Darrell Blackwelder: Preventing sprayer residue damage

Published 12:00 am Saturday, April 1, 2023

I sprayed the lawn a few weeks ago for winter weeds. The herbicide seemed to work, removing massive amounts of chickweed and other broadleaf winter weeds. There was one spot that seemed to look very ragged a few days after the application. The small turfgrass area continued to decline and finally died. I thought it may have been cold weather or even underlying broadleaf weeds dying. This was not the cause of the problem. There were remnants of contact herbicides leftover in the sprayer from a previous application last fall. There was just enough material left in the spray lines and nozzle to kill a small section of turf.

Below are a few steps that will prevent problems with sprayer residue damage.

Read the label. The label has complete information on pesticide usage including how to properly clean sprayers.

Rinse pump tank — fill tank to 1/3 capacity with water with the pump back in and slosh the water around. Pump out all the materials inside the tank through the hose.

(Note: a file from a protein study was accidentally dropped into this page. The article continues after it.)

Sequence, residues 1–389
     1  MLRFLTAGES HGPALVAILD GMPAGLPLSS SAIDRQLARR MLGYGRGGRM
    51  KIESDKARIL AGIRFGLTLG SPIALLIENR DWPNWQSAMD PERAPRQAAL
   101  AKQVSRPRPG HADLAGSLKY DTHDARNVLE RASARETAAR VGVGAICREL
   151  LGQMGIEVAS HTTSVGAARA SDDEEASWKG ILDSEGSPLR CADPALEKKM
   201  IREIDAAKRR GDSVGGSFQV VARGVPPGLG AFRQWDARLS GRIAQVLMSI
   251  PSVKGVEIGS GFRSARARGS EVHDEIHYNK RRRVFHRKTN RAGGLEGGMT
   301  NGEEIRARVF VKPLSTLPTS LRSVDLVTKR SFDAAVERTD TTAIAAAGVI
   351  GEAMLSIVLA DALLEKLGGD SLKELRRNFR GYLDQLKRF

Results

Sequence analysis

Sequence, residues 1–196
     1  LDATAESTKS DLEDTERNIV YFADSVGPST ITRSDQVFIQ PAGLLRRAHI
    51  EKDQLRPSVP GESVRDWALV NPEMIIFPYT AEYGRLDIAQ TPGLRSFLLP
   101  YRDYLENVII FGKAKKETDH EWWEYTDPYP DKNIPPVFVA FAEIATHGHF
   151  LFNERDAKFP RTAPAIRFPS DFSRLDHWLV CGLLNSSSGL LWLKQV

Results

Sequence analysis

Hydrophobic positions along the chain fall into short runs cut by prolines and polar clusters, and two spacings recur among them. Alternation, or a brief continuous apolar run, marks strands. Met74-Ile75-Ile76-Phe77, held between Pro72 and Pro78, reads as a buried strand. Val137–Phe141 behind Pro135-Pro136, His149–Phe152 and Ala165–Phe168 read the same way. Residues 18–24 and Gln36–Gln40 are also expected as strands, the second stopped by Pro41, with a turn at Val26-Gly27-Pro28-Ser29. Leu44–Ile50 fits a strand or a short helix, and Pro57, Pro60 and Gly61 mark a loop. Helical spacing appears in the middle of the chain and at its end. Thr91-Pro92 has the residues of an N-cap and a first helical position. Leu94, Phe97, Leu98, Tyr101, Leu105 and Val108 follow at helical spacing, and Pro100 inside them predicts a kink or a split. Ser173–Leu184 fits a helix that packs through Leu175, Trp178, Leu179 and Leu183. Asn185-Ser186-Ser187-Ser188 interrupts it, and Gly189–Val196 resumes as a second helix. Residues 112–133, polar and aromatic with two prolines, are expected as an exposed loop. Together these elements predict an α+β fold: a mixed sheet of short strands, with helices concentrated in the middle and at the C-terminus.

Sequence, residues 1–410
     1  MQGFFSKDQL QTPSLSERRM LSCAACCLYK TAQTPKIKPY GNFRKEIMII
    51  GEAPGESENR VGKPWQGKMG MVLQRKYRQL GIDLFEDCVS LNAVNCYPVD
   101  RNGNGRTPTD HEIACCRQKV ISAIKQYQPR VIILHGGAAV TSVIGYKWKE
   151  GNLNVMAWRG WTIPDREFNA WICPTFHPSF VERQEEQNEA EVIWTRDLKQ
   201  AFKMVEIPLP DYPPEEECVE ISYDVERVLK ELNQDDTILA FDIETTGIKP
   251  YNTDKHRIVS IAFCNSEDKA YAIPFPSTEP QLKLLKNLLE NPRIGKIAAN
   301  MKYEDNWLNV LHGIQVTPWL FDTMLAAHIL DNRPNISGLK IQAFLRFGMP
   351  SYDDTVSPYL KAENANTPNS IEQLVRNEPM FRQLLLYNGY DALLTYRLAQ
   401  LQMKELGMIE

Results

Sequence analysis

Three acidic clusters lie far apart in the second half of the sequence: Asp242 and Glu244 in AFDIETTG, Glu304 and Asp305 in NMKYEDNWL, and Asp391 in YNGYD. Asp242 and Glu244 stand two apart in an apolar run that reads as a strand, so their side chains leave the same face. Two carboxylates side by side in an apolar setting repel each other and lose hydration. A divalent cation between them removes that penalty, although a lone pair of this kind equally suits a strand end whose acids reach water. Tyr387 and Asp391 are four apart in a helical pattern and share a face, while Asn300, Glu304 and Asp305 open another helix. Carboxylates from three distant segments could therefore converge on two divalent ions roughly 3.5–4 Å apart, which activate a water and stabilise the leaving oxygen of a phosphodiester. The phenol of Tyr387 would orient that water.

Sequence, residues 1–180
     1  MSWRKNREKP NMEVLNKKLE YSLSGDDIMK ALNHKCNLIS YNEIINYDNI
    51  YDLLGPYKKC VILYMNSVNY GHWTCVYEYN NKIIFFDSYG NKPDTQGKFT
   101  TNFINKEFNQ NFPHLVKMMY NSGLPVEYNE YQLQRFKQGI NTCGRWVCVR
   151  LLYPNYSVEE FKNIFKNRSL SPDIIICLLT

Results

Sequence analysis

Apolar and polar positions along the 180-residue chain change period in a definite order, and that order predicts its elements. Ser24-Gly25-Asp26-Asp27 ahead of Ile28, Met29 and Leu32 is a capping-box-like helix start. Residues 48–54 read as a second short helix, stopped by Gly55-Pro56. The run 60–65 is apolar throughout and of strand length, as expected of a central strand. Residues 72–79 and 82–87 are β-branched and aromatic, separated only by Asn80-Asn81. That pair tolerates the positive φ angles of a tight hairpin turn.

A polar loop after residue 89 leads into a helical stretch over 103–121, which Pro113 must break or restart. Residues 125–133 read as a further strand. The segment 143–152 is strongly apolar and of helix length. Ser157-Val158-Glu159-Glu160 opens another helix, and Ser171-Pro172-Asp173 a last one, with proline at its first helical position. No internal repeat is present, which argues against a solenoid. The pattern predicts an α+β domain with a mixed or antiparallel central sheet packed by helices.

Repeat tank flush — repeat the first tank flush but this time add tank cleaner recommended by the label. Different pesticides may require different types of soaps or cleaners. After removing the cleaning material, repeat tank flush one more time.

Always remove leftover pesticides. Never store mixed pesticides over a long period of time. Most blended pesticides can be reused after a few days, but storing for weeks or overwintering in the container creates problems. Pesticides breakdown and often become embedded in plastic or rubber materials. Residues at this point are difficult to remove. It may seem wasteful to eliminate unused pesticides from spray tanks, but the end result can be problematic.

Darrell Blackwelder is the retired horticulture agent and director with the North Carolina Cooperative Extension Service in Rowan County. Contact him at deblackw@ncsu.edu.